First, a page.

(WVUE) - Two Metairie men who rescued people from roofs and homes surrounded by water in the Houston area said they never anticipated the scope of Harvey's destruction when they answered the call for help.
"The first day we were there we were ducking under power lines to get around that neighborhood," said Patrick Morris.
"We have a small boat. We had to tell people we'll be back in a few minutes or we'll be back in 30 minutes," Charles Wilmore said.
Morris and Wilmore are not members of the now-famous Cajun Navy. On Monday and Tuesday, they were just two guys with a boat, a large truck and a willingness to help out.
"It just seemed like the right thing to do, and if we got over there and the impact was less or they had a enough people, we could turn around and come home," Morris said. "But that was not the case."
The two friends encountered high water along I-10 outside of Houston even before helping those affected by Harvey. The pair said they rescued more than two dozen people.
"[The flood victims] had stayed behind to save some horses. They were trying to shuttle horses out but the water had gotten too high. They were still in the area with the rushing water. On Monday afternoon, that was the group that we had taken out of there," Morris said.
The two are unsure of the fate of the horses that were left behind.
"Tuesday...people kind of knew what was happening. They had been watching the news and expected it. The water had been coming up all night. It was more of just a ferrying operation. We were just going in and getting people out of houses that had taken some water," Wilmore said.
Morris and Wilmore slept at a friend's home in Sugarland on Monday and said the experience was surreal and the drive home afterward was long.
"It's bad. There was lots of high water. It was receding as we left in some areas, but I know that Port Authur today took a beating. The water in Beaumont was rising," Wilmore said.
The pair's effort to aid those in need came to an end Wednesday, but from brews to broadcasts, many New Orleans-area organizations and individuals are doing their part to help flood victims.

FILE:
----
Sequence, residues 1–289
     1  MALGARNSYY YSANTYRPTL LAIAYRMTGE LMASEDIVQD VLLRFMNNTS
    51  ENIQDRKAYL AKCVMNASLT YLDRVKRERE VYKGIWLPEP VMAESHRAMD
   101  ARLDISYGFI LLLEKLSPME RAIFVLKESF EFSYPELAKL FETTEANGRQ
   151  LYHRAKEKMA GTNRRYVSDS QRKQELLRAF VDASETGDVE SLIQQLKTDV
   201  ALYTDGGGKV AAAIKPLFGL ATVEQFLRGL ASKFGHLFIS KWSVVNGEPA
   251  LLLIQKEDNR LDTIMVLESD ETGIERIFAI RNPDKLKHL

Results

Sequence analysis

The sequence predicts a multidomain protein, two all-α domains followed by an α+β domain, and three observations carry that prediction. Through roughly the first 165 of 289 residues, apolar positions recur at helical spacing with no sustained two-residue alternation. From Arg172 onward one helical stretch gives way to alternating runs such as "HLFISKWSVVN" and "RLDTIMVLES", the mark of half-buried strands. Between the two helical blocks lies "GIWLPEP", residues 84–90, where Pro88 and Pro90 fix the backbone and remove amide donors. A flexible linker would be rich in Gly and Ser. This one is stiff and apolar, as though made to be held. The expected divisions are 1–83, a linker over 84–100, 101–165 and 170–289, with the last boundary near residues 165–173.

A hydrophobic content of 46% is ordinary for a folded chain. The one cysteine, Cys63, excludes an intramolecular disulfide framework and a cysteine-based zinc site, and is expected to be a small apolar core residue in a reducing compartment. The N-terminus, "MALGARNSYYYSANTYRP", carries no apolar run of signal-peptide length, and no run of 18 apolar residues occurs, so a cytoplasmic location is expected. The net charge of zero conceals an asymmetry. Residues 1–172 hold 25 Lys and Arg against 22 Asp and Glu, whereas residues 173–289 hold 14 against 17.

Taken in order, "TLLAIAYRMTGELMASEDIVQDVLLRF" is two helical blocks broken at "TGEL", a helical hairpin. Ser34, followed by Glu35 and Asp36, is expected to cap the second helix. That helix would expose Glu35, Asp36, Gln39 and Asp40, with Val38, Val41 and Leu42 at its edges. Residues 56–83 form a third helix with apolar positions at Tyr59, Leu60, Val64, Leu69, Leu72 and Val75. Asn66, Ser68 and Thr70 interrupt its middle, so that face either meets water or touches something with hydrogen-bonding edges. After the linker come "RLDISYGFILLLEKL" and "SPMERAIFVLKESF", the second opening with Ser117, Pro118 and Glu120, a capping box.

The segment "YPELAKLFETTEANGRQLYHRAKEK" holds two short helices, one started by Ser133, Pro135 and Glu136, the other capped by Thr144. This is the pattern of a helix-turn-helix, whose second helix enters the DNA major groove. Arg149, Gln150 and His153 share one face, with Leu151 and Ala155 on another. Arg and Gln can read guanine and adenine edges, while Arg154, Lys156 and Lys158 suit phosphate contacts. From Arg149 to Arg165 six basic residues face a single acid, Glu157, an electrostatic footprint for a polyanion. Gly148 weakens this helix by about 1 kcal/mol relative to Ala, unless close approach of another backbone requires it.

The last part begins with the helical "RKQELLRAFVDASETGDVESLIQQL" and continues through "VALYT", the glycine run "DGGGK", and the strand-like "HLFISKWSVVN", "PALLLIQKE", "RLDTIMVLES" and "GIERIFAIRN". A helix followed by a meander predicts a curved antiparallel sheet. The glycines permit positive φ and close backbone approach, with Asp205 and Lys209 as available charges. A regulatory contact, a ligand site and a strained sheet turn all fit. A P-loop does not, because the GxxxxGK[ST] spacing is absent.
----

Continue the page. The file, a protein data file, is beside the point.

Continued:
"The support has been amazing," La Calle 97.9 FM DJ Nasty said.
The radio station began a donation drive Monday and has been packing a tractor trailer with supplies.
"Due to the all the Hispanic population they have in Houston, lots of people have family members here in New Orleans. And people are not even thinking twice. The phone won't stop ringing. We're like, non-stop," DJ Nasty said.
At the Mid City Yacht Club, employees have been accepting non-perishable items and goods for animals, as well as donating $1 for every pint of beer sold.
"Coming together shows people who we really are as a people and as a country. They need our help, and they were there for us. We need to step up and make sure we are there for them," MCYC employee Shannon Johnson said.
The Dryades YMCA is accepting gift cards for flood victims.
"You've probably got gift cards laying in your desk drawer or your dresser drawer somewhere in your house that someone gave you that you haven't used yet. Don't just let it sit there because there are people in Houston that need everything," Dryades Director of School of Commerce Jay Banks said. "We're doing it for all the love that Houston exhibited to us."
Garden District resident Annie Strain is collecting donations for flood victims and has already taken in $10,000 in donations. Strain is running the effort out of her home and gathering non-perishables to help people for the long-term.
"I'm thinking about when the cameras leave," Strain said. "That's the thing I think is so hard for people here knowing how difficult it was, knowing how painful and fraught the recovery was, knowing that people are going to have to go through that, millions of people are going to have to go through that."